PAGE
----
Phillip Oosthuizen1

1Sernick Group, Bethlehem, Free State, South Africa     



Consumers worldwide are becoming more demanding about their preference for beef and it is evident from the switch from quantity to quality issues that consumers raise in the market. This is  expressed  by  the  increased  interest  in  importance  of  eating  quality  and  food  safety.  Eating quality is a main concern to the consumer which include juiciness, tenderness and flavor. A total of 77% of consumers rated tenderness as being the most important attribute when buying and consuming  beef.  Tenderness  is  therefore  crucial  to  the  consumer;  hence  the  producer  must comply to this consumer preference to sell its product. One method to improve the quality of beef is to make use of ageing (Strydom et al., 1999).  The problem is however that different ageing methods,  such  as  dry  and  wet  ageing,  as  well  as  different  ageing  periods  exist.  This  different methods and periods also have different cost implications for the butcher.  In order the meet the consumer’s quality demands the correct ageing method must be followed to  meet the  needs, while the cost implications for the butcher also must be kept in mind.  The objective of the study was to investigate consumers’ sensory tasting evaluation of different beef aging methods and periods. Specific evaluation with regards to tenderness, juiciness, flavour and overall liking was done. Sirloin steak from Bonsmara cattle were used and homogeneously prepared  for  the  197  blind  consumer  tastings.  The  five  different  aging  treatments,  offered  to each consumer included (1) no-aging, (2) 7 days wet-aging, (3) 21 days wet-aging, (4) 7 days dry- aging,  and  (5)  21  days  dry-aging.  The  effect  of  different  ageing  methods  on  the  sensory parameters was analyzed with one-way analysis of variance (ANOVA) and the means compared with the Tukey-Kramer multiple comparison test at α = 0.05 (NCSS, 2016).  The results indicated that significant difference occur between all the meat attributes of any of the aging periods compared to no-aging. It is however interesting to note that while consumers prefer 21 days aged beef above 7 days aged, they were not able to differentiate between wet and dry aged samples of the same period.  It is evident from the results that ageing does improve the  quality  attributes  of  beef,  that  longer  ageing  is  preferred  to  shorter  ageing,  but  that  no preference could be made between wet and dry ageing.  Since  no  attention  was  given  to  the  cost  implications  of  the  different  ageing  methods,  it  is recommended that future studies should attend to it.  The reality however is that the moisture loss of dry-ageing will have a negative influence on the weight of the final cut and therefor it is predicted that wet-ageing will be the preferred option of butchers.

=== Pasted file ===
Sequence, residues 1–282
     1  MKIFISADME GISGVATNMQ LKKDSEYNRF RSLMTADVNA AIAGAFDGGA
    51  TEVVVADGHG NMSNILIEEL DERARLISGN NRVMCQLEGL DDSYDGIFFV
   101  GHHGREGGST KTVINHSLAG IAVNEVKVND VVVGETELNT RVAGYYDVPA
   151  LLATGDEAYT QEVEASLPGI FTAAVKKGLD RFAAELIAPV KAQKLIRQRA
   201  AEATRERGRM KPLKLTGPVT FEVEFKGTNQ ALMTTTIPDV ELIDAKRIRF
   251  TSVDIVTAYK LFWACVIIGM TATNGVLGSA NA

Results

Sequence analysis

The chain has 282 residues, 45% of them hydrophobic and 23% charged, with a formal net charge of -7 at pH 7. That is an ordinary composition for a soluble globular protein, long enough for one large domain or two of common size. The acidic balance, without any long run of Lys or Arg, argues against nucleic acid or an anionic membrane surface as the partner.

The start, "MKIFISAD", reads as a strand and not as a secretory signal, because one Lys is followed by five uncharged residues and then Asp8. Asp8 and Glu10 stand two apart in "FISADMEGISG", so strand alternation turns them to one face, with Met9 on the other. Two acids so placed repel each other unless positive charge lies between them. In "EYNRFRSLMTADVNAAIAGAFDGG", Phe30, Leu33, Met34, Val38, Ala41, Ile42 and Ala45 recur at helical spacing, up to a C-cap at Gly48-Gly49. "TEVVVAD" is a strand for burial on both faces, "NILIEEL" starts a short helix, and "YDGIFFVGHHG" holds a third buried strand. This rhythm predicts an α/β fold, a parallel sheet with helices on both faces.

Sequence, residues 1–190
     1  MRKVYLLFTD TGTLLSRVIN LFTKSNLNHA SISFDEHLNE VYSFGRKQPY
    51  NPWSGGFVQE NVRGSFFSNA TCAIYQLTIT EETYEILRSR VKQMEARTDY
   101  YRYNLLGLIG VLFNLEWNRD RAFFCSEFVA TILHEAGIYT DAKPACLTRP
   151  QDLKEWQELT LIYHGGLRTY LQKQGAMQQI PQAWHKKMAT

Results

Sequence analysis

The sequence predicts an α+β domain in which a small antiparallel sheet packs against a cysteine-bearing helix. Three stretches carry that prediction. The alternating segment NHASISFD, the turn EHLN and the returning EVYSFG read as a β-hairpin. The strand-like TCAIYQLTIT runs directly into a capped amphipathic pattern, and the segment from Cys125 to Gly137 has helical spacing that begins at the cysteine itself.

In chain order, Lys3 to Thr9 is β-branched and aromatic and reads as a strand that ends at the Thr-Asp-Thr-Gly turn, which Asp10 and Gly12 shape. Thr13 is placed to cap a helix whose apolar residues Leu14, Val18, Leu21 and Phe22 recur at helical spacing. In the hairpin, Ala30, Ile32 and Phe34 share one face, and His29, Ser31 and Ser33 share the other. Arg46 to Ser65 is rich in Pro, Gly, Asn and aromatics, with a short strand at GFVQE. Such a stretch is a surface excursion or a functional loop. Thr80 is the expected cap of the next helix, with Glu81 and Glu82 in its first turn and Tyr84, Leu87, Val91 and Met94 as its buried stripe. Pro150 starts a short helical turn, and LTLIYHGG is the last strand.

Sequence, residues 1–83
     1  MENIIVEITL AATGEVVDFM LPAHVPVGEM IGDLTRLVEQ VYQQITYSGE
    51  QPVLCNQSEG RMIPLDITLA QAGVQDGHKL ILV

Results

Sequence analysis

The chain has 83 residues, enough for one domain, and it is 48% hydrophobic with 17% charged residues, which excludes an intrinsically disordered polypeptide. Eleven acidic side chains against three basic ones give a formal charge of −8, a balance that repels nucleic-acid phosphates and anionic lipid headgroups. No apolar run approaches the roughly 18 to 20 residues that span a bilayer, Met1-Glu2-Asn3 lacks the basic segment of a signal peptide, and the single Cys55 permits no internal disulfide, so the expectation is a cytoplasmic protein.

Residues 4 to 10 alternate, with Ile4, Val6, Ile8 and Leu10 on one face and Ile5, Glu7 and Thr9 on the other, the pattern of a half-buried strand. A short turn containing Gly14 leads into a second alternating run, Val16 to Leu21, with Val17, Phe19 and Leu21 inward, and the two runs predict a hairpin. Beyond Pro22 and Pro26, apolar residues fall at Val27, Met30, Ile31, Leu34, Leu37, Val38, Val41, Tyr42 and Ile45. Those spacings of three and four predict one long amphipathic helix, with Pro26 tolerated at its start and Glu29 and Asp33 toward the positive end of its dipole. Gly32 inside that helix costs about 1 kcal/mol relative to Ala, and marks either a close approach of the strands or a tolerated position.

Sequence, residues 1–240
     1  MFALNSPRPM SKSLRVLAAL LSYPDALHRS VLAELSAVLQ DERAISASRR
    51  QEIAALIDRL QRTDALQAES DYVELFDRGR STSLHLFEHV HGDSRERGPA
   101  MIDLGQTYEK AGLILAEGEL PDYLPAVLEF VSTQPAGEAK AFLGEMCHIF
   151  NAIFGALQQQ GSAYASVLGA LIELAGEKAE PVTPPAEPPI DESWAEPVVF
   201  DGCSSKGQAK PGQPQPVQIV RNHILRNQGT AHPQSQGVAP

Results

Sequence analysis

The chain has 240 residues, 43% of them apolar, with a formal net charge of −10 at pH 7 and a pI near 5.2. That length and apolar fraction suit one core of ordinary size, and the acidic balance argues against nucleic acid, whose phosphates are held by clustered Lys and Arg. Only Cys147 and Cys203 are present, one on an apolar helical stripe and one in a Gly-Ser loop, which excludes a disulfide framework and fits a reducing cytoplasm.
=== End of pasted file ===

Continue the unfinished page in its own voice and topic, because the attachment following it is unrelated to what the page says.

Phillip OosthuizenStudies:- BSc Agric in Animal Science and Agricultural Economics- BSc Agric Honors in Agricultural Economics- MSc Agric in Agricultural Economics Registered for PhD in Agricultural EconomicsWork:- Research assistant at Department of Agricultural economics, University of the Free State- Agricultural Business Manager at Nedbank- Head of Research and Economics at Sernick group

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